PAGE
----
Salmon River (Washington) facts for kids
Quick facts for kidsSalmon River
|Main source||Olympic Mountains
47°31′27″N 124°2′29″W / 47.52417°N 124.04139°W
|River mouth||Queets River
47°33′21″N 124°13′12″W / 47.55583°N 124.22000°W
|Length||18 mi (29 km)|
|Basin size||56 sq mi (150 km2)|
The Salmon River is a tributary of the Queets River in U.S. state of Washington.
The river flows roughly from east to south, with the North Fork Salmon River, Middle Fork Salmon River, South Fork Salmon River, combining to form the Salmon River, which empties into the Queets River. The river's length, including its longest source tributary, the Middle Fork, is 18 miles (29 km). The main stem Salmon River, below the North Fork, is about 13 miles (21 km) long. The Salmon's drainage basin is 56 square miles (150 km2) in area.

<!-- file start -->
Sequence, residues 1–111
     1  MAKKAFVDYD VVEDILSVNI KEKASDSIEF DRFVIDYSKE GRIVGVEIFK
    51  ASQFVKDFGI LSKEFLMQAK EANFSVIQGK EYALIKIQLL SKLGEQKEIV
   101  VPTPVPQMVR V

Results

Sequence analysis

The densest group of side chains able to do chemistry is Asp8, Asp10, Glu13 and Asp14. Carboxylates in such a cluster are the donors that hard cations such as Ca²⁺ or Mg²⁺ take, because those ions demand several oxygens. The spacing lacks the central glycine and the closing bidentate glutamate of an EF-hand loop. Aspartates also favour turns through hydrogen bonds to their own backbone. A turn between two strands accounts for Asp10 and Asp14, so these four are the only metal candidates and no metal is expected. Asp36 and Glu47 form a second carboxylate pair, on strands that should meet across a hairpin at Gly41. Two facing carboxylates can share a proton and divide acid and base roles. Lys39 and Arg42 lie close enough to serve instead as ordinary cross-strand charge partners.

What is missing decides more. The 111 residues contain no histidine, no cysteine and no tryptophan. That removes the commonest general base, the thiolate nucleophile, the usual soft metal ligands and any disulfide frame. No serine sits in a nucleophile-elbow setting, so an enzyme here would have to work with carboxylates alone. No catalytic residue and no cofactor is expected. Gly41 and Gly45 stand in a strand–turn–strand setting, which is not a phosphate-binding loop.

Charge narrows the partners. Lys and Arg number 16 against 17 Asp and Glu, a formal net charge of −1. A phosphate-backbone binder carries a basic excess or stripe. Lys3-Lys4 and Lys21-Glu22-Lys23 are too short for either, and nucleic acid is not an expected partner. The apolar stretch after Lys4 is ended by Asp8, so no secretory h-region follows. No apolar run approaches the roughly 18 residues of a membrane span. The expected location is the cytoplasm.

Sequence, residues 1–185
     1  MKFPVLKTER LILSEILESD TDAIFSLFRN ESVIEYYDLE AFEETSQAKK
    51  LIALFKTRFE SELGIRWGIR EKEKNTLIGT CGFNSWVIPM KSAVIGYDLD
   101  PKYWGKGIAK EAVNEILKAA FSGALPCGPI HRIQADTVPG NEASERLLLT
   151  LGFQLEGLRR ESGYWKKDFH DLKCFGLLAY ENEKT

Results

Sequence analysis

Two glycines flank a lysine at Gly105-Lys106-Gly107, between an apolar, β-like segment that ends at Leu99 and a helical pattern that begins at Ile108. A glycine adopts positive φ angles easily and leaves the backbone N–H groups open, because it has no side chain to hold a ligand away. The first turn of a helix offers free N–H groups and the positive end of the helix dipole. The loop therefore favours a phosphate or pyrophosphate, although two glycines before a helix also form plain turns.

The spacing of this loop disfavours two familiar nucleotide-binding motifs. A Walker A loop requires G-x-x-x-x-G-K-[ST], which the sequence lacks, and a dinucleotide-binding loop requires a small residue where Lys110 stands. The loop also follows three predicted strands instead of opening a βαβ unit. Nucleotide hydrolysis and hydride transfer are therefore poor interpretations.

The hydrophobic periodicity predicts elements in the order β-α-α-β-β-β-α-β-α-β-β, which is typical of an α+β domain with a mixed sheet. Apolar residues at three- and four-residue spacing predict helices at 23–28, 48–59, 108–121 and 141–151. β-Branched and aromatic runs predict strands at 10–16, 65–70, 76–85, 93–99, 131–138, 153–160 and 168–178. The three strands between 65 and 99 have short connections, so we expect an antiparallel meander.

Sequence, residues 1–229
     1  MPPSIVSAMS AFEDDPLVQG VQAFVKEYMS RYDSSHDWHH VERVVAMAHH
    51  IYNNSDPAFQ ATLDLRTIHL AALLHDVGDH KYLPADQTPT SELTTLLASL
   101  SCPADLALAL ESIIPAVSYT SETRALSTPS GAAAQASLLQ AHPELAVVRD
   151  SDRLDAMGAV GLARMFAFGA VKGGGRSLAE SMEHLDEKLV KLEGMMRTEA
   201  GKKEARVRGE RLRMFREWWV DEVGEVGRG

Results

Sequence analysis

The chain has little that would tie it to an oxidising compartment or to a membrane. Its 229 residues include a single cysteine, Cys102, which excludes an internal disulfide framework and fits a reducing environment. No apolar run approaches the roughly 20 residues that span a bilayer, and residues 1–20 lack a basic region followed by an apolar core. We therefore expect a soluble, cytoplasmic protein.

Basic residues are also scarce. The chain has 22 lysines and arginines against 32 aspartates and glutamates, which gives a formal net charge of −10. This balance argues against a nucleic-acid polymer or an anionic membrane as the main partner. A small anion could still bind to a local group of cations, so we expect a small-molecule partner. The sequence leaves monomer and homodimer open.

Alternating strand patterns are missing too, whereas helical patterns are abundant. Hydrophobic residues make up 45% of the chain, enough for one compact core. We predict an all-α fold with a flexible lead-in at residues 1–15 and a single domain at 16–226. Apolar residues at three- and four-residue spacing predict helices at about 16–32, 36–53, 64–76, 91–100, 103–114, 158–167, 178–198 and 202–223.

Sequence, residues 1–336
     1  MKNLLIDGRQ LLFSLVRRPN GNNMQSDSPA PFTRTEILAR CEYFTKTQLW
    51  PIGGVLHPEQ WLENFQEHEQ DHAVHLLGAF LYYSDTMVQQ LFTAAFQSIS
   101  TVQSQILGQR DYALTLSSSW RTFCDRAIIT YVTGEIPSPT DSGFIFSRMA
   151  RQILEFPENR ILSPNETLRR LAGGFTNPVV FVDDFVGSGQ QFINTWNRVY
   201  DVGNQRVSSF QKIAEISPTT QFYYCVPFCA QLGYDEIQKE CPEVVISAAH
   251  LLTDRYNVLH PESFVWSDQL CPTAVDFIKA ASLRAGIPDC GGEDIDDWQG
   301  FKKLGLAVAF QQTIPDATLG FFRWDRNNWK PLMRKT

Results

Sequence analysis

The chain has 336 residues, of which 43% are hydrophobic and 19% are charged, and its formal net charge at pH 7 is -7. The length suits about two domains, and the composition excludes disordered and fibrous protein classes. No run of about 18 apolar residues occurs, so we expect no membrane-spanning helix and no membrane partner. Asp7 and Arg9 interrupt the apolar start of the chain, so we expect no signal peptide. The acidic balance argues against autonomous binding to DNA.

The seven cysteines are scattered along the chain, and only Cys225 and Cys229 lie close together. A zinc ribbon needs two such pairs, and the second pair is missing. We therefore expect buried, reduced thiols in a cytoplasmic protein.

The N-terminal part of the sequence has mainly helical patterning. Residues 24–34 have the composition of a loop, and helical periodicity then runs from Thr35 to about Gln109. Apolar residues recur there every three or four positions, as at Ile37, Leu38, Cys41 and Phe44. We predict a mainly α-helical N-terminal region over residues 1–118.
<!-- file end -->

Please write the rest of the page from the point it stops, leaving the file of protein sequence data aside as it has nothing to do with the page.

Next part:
The North, Middle, and South Fork watersheds are composed of shale, and sandstone, both sedimentary rocks, while the watershed of the lower Salmon River is composed of "coastal piedmont consisting of porous, unconsolidated deposits of Olympic alpine glaciers, including gravels, sands, silts and clays."
More than 80% of the watershed is covered by coniferous forests (including Sitka spruce, western hemlock, and Douglas-fir), with the remainder being hardwood stands and unforested wetlands.
There is a hatchery on the river that breeds Coho salmon and Chinook salmon. Some number of hatchery Winter steelhead smolts are planted in the river every year. Sea-run cutthroat trout and Chinook salmon also inhabit the river.
|Mary the Jewess|